15. As part of a family who have recently moved back overseas (we’re in the Maldives!) and who dreams of one day being less expat and more nomadic, I love having stumbled over your blog. I also really appreciate you dipping your toes into political hot potatoes like this one. Completely agree that we need to keep a global perspective about Boston. There are some crazy articles – in particular about the suspects – going around right now!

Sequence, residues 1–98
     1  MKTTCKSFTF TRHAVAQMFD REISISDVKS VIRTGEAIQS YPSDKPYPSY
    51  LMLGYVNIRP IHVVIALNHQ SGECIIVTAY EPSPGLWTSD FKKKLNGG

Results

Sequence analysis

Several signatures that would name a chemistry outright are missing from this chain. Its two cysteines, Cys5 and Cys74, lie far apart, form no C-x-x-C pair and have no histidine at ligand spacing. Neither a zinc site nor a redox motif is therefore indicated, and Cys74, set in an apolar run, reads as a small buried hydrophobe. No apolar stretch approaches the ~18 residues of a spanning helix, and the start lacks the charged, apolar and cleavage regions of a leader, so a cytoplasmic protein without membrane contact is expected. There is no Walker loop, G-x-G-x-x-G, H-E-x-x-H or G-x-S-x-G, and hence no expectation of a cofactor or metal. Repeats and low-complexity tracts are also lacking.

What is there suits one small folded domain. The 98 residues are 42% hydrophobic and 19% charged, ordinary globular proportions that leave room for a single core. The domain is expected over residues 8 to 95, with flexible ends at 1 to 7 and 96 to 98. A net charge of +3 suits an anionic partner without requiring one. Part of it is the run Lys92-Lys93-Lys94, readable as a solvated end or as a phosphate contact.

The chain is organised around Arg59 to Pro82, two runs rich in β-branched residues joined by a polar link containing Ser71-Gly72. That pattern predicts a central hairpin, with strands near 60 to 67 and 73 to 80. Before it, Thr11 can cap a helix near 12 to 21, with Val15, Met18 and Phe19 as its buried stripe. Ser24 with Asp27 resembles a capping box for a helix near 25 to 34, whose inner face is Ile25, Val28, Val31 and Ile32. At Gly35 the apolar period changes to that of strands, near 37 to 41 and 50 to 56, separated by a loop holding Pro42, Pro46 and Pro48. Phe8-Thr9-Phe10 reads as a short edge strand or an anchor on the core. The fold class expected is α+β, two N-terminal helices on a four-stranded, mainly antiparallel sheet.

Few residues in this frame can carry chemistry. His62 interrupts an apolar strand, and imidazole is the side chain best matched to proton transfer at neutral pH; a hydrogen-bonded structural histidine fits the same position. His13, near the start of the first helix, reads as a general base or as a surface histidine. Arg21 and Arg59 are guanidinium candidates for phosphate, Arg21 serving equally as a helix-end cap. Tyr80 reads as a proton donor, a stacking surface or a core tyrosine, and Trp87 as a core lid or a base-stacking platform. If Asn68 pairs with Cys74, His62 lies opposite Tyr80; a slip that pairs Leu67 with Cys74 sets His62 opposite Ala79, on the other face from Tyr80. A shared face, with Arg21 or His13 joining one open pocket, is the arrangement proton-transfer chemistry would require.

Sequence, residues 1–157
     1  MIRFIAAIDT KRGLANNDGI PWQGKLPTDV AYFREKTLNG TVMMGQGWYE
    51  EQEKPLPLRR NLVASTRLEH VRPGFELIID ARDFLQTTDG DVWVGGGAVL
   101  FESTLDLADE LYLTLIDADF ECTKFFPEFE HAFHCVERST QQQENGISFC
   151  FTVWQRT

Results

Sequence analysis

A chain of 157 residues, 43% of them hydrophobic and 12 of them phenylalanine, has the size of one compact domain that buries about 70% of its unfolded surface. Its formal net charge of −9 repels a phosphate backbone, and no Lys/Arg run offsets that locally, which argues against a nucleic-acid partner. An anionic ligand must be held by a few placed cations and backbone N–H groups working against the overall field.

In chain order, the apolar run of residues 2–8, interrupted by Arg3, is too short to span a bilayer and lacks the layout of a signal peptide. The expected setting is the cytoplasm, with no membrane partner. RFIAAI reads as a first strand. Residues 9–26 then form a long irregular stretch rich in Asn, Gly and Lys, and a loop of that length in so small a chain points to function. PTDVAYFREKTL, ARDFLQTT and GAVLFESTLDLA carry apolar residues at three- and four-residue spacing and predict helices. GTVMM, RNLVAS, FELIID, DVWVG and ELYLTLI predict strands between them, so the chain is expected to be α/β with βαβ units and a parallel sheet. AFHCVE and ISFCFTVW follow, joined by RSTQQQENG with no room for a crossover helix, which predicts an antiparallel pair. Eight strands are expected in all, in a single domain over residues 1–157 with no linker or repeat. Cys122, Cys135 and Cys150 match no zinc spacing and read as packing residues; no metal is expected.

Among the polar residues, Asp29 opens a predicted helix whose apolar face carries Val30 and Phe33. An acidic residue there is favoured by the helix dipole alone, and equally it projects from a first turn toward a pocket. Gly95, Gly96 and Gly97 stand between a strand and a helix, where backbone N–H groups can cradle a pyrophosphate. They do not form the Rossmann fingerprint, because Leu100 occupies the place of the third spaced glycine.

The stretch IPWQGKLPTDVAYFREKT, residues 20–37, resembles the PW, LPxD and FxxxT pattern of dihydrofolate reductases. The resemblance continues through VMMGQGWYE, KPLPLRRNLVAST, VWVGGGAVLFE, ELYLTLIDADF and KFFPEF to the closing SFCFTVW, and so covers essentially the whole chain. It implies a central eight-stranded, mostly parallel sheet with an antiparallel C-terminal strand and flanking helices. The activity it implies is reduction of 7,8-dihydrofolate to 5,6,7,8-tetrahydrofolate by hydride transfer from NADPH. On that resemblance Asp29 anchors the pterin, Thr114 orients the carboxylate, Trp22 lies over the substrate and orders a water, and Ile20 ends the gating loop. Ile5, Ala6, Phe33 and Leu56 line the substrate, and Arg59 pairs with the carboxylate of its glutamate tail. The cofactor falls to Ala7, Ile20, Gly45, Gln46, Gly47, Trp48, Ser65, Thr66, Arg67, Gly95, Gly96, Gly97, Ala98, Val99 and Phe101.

• meryl. welcome to our neurotic, sweaty, dusty, beautiful life on the road world. so glad you stumbled upon us too and would die to know how. i love finding out how our paths cross. wow, more nomad, less expat. i love it. would love to share the mobile mouse with others, with your permission of course! i usually don’t dip into politics. i usually avoid it like the plague. you’ll see here: http://www.greatbigscaryworld.com/why-dont-you-get-a-real-job-and-stop-abusing-those-kids/ but every once in a while i can’t stop myself. would love to see what else you read and your thoughts. hoping our travels helps take you one step closer to nomadic. join us on fb too, will you? hugs to you, gabi